Recently, Clifford Sondock wrote a letter to the editor in Newsday regarding Long Island’s groundwater. The letter can be read below in italics, as well as here on Newsday.com. My response follows.
Why the alarm over Long Island’s water supply? There is no water problem except the need for more sewers and water treatment.
Long Island is blessed with an abundant supply of water in its enormous aquifer, enough water to substantially increase Long Island’s population. We need more real estate development to increase the tax base.
“Water problems” are a red herring used by anti-growth, pseudo-environmentalists who seek to stop development.
The cost to install sewers and water treatment facilities is small compared with the potential increase in the tax base from development — higher density, taller buildings.
There is no water problem. The problem is Long Island’s resistance to change and growth.
Sondock is correct in saying that “Long Island is blessed with an abundant supply of water in its enormous aquifer…” He is incorrect in the rest of the statement “…enough water to substantially increase Long Island’s population.”
You see, what Sondock fails to realize is that yes, while there is more than enough water in terms of quantity in both Nassau and Suffolk, the quality of the water is the true issue environmentalists, News 12 and Newsday focused on. Long Island has ample room for future development, but that does not mean that it would be prudent to reach maximum build out on Long Island.
Further, Sondock calls the water problem “a red herring”. This claim has been refuted by the US EPA, the 1978 208 Study and countless other urban planning standards. Long Island’s aquifer served as a proving grounds for the creation of land use policies designed specifically to protect the aquifer system that have been emulated across the nation.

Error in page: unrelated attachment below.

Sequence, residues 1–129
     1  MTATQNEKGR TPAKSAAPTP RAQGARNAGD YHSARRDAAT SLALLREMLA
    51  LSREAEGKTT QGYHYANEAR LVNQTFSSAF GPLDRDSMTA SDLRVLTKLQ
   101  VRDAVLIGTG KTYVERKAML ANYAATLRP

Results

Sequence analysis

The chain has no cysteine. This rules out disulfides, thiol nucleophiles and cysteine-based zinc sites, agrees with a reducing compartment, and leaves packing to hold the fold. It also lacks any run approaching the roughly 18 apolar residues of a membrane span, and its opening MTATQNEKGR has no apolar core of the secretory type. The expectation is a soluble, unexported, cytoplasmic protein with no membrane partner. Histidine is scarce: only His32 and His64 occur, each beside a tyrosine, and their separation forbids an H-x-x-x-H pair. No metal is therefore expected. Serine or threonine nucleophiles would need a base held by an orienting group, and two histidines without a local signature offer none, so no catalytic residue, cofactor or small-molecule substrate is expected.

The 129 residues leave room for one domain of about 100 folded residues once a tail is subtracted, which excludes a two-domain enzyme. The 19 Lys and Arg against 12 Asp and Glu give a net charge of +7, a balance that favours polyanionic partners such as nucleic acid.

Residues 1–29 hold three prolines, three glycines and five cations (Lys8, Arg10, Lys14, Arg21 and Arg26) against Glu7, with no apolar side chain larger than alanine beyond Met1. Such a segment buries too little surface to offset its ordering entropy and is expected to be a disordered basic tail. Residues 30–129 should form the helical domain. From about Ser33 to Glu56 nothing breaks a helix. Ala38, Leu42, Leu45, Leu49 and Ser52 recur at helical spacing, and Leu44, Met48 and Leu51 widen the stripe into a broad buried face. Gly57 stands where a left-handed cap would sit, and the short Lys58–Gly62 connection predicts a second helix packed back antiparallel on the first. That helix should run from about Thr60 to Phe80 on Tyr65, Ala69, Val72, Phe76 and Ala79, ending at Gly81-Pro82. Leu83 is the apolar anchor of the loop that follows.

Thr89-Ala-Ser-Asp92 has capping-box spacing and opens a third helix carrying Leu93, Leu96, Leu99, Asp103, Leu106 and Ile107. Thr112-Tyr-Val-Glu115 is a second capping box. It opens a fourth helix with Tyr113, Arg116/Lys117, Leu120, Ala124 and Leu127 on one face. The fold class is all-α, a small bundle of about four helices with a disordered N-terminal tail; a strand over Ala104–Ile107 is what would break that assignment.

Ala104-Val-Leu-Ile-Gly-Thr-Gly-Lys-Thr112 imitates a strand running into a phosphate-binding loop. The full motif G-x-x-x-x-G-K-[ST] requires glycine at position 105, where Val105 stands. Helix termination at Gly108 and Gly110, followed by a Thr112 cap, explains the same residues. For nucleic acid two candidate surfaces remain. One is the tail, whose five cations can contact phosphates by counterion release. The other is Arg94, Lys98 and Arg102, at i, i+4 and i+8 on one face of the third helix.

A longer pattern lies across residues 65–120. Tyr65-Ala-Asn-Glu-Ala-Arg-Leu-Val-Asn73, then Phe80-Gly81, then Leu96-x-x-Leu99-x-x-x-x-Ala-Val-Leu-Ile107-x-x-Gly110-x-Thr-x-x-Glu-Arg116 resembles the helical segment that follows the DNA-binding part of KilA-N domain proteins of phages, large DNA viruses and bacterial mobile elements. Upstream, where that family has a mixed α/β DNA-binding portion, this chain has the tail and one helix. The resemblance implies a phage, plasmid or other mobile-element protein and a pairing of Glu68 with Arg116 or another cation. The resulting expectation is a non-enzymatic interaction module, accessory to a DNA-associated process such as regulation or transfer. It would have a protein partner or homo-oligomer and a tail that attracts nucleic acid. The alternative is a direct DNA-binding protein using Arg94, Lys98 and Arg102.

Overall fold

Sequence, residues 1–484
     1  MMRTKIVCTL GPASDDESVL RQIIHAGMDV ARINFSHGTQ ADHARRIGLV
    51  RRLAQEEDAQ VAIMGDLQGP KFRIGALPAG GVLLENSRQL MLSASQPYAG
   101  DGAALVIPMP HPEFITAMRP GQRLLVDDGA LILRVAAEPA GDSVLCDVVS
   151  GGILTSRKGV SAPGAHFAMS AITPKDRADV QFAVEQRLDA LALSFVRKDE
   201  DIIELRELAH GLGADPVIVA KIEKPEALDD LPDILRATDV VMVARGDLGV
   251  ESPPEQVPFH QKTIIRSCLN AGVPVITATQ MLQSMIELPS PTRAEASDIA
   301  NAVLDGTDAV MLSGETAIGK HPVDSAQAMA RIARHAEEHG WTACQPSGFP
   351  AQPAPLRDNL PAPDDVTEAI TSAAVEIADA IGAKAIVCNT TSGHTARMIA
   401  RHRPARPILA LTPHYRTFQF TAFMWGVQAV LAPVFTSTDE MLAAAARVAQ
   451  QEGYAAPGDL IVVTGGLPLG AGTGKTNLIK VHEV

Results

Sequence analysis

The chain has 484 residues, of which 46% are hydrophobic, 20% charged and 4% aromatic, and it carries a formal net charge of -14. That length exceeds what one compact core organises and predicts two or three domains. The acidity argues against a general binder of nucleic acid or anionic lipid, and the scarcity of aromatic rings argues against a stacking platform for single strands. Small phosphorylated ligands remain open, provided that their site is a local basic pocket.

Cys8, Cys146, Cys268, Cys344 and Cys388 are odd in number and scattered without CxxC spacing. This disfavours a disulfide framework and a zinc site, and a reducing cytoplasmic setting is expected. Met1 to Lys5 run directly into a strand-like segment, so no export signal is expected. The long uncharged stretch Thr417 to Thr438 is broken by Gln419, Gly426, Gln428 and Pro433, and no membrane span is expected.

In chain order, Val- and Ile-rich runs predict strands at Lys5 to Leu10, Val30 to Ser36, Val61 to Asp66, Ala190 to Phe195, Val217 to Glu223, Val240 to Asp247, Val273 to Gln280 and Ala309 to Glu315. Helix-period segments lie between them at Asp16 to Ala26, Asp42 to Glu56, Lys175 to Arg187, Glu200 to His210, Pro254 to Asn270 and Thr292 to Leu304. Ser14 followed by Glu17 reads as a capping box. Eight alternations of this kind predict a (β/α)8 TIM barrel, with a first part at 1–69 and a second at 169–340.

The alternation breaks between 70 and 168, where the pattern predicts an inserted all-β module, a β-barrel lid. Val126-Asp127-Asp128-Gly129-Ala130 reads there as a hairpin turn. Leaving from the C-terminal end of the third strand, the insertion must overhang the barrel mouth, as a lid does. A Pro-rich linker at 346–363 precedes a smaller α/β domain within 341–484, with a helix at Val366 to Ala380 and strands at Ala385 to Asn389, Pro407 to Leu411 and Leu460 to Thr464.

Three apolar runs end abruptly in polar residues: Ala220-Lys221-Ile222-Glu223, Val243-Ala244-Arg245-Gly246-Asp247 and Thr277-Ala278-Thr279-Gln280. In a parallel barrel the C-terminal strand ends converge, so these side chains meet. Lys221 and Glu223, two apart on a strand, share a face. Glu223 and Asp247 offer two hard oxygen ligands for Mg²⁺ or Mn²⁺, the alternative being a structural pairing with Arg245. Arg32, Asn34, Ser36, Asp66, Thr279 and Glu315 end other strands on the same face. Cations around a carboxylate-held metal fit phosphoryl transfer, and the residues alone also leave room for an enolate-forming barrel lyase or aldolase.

Sondock is right to advocate for the expansion of sewers, but as with any other planning solution, they are far from a perfect solution. In fact, his faith in wastewater treatment is misplaced. Sewers only work if they are regulated, and due to fiscal constraints both Suffolk County and New York State don’t have the manpower to fully regulate our existing infrastructure, yet alone the expansion Sondock advocates for. Plus, the cost of retrofitting Suffolk County is astronomical. While necessary, expansion of the sewer network will take decades. As loyal readers already know, sewers paired with more density and taller buildings isn’t necessarily the answer to our regional woes.
While Sondock is entitled to his opinion, he doesn’t have the foggiest idea when it comes to regional land use and sound planning principles. Simply put- land use impacts our water, sewers help but are far from perfect, and the best way to protect our water is through sound planning.